So, to summarise: the Greeks have done more “reform” than we have, have endured a lot more austerity, and live in a country where the costs of austerity are likely to be higher than here. Perhaps the Irish government might want to tone down its assertions of relative virtue, and display a bit of solidarity with Greece. Is a less deflationary and less creditor-friendly Eurozone not in Ireland’s long term interests, assuming that we remain a member of the single currency?
Except of course that it won’t, for party political reasons. And you can see why. Expect to see more ad hominem attacks on dangerous ex-IMF radicals and other fellow travellers in the months ahead (despite the fact that the government is expecting the electorate’s gratitude for…implementing the programme that the self-same IMF and its fellow-Troika members designed! You couldn’t make it up.).
By Liam DelaneyFebruary 14th, 2015
Famines are becoming smaller and rarer, but optimism about the possibility of a famine-free future must be tempered by the threat of global warming. That is just one of the arguments that Cormac Ó Gráda, one of the world’s leading authorities on the history and economics of famine, develops in this wide-ranging book, which provides crucial new perspectives on key questions raised by famines around the globe between the seventeenth and twenty-first centuries.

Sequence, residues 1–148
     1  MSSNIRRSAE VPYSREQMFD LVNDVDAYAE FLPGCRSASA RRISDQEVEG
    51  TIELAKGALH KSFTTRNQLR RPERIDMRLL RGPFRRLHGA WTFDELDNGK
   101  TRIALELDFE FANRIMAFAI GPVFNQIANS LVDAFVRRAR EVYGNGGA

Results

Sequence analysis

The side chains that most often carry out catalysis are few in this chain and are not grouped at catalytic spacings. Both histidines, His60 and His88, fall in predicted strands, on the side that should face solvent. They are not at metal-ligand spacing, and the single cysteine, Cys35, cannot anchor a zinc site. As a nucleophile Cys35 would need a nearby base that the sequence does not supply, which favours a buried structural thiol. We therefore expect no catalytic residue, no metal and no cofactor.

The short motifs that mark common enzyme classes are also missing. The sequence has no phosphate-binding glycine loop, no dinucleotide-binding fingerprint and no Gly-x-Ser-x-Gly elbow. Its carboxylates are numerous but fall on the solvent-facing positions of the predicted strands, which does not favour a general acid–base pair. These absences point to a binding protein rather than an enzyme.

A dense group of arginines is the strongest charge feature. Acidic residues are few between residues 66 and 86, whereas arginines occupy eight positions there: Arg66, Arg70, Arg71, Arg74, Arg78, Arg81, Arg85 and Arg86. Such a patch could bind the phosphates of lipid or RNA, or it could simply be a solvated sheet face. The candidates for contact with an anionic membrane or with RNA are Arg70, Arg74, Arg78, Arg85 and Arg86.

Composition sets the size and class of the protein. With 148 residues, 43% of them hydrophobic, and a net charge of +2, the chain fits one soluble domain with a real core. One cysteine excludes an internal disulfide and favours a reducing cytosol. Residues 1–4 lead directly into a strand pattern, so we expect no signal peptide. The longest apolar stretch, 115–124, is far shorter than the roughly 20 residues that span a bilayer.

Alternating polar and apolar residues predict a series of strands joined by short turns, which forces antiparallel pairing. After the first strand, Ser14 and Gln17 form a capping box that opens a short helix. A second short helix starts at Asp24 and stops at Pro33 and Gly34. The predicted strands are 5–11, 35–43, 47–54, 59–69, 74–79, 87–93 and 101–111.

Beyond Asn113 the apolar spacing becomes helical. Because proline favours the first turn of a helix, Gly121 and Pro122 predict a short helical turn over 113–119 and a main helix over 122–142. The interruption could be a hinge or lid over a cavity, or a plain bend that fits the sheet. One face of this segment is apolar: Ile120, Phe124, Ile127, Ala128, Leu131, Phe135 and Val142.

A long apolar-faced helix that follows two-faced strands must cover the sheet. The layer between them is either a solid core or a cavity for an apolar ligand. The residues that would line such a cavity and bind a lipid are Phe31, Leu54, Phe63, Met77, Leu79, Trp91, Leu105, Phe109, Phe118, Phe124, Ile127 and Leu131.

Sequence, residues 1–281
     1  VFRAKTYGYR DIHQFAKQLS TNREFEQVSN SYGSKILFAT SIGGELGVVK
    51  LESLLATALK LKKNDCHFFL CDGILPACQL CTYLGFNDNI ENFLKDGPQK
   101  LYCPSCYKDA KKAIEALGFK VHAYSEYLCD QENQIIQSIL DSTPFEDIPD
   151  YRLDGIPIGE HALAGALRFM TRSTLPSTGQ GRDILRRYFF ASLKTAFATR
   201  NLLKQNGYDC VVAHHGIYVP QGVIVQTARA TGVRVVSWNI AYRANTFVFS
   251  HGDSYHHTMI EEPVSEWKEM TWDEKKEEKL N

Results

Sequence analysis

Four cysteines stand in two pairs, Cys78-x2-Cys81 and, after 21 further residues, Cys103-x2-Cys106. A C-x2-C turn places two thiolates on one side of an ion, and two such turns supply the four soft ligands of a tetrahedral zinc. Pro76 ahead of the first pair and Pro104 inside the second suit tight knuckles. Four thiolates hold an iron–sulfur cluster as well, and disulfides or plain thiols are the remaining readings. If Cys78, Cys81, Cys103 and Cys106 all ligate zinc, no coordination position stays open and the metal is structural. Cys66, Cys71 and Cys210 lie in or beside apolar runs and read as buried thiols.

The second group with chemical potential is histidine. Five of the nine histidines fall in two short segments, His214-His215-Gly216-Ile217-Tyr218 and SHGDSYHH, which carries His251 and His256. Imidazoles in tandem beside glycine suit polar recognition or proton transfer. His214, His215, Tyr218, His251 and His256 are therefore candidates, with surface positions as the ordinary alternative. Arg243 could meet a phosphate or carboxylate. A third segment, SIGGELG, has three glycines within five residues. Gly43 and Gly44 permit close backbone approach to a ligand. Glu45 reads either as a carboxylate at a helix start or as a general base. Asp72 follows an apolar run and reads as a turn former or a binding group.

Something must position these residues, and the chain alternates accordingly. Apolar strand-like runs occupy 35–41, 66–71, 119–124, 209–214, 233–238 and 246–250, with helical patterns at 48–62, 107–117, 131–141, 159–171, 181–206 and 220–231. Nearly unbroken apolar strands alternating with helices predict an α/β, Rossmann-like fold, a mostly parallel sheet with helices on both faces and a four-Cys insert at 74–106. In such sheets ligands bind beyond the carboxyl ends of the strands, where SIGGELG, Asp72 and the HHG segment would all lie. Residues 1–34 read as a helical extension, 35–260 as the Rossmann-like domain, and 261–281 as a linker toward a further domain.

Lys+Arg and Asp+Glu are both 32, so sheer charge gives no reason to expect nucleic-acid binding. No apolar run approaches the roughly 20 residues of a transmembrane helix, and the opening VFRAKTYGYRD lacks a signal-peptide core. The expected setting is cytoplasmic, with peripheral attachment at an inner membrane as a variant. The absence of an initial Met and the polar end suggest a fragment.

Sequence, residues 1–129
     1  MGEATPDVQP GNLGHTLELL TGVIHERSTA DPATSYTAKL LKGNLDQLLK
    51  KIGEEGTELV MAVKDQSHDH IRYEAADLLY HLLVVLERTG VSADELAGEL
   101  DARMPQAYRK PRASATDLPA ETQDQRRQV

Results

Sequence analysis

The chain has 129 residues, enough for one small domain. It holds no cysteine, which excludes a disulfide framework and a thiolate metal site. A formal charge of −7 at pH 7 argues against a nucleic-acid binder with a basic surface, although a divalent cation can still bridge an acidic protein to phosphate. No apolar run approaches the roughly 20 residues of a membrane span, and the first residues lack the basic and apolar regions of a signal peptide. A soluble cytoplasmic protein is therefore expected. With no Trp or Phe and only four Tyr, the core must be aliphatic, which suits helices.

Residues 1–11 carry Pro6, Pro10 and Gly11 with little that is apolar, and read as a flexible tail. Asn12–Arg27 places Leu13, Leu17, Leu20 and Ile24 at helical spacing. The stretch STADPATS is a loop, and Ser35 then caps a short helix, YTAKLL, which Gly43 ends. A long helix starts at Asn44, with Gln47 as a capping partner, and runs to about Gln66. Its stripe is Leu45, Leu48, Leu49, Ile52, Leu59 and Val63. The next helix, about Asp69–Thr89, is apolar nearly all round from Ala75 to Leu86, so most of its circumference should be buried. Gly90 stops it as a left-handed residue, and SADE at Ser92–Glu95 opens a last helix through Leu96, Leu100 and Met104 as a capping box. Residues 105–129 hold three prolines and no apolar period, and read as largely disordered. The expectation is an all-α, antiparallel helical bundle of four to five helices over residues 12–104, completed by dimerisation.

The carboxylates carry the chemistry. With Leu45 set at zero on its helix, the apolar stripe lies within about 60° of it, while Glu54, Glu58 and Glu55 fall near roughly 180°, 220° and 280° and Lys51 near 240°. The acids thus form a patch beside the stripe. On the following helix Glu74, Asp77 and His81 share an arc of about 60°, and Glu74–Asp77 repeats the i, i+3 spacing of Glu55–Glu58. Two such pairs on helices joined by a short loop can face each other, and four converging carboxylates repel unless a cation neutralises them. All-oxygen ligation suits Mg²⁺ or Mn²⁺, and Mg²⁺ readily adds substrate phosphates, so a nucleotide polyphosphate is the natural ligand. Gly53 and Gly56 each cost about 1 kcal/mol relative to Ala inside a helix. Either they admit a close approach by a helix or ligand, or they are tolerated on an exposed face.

The book begins with a taboo topic. Ó Gráda argues that cannibalism, while by no means a universal feature of famines and never responsible for more than a tiny proportion of famine deaths, has probably been more common during very severe famines than previously thought. The book goes on to offer new interpretations of two of the twentieth century’s most notorious and controversial famines, the Great Bengal Famine and the Chinese Great Leap Forward Famine. Ó Gráda questions the standard view of the Bengal Famine as a perfect example of market failure, arguing instead that the primary cause was the unwillingness of colonial rulers to divert food from their war effort. The book also addresses the role played by traders and speculators during famines more generally, invoking evidence from famines in France, Ireland, Finland, Malawi, Niger, and Somalia since the 1600s, and overturning Adam Smith’s claim that government attempts to solve food shortages always cause famines.
Thought-provoking and important, this is essential reading for historians, economists, demographers, and anyone else who is interested in the history and possible future of famine.